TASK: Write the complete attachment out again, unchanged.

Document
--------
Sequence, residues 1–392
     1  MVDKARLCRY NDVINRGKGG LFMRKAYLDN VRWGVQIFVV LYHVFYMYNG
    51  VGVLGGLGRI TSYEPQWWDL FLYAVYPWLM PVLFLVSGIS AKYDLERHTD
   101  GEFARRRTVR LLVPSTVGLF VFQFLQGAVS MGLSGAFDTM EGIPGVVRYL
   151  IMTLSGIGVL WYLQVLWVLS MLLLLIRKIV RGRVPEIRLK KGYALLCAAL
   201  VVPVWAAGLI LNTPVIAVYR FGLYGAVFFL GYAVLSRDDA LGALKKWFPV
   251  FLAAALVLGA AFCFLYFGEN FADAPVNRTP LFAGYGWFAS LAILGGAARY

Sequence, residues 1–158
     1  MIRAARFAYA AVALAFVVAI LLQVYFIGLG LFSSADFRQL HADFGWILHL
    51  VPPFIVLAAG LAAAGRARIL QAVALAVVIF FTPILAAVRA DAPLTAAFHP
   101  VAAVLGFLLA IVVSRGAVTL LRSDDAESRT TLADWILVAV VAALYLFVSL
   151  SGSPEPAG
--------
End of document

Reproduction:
Sequence, residues 1–392
     1  MVDKARLCRY NDVINRGKGG LFMRKAYLDN VRWGVQIFVV LYHVFYMYNG
    51  VGVLGGLGRI TSYEPQWWDL FLYAVYPWLM PVLFLVSGIS AKYDLERHTD
   101  GEFARRRTVR LLVPSTVGLF VFQFLQGAVS MGLSGAFDTM EGIPGVVRYL
   151  IMTLSGIGVL WYLQVLWVLS MLLLLIRKIV RGRVPEIRLK KGYALLCAAL
   201  VVPVWAAGLI LNTPVIAVYR FGLYGAVFFL GYAVLSRDDA LGALKKWFPV
   251  FLAAALVLGA AFCFLYFGEN FADAPVNRTP LFAGYGWFAS LAILGGAARY

Sequence, residues 1–158
     1  MIRAARFAYA AVALAFVVAI LLQVYFIGLG LFSSADFRQL HADFGWILHL
    51  VPPFIVLAAG LAAAGRARIL QAVALAVVIF FTPILAAVRA DAPLTAAFHP
   101  VAAVLGFLLA IVVSRGAVTL LRSDDAESRT TLADWILVAV VAALYLFVSL
   151  SGSPEPAG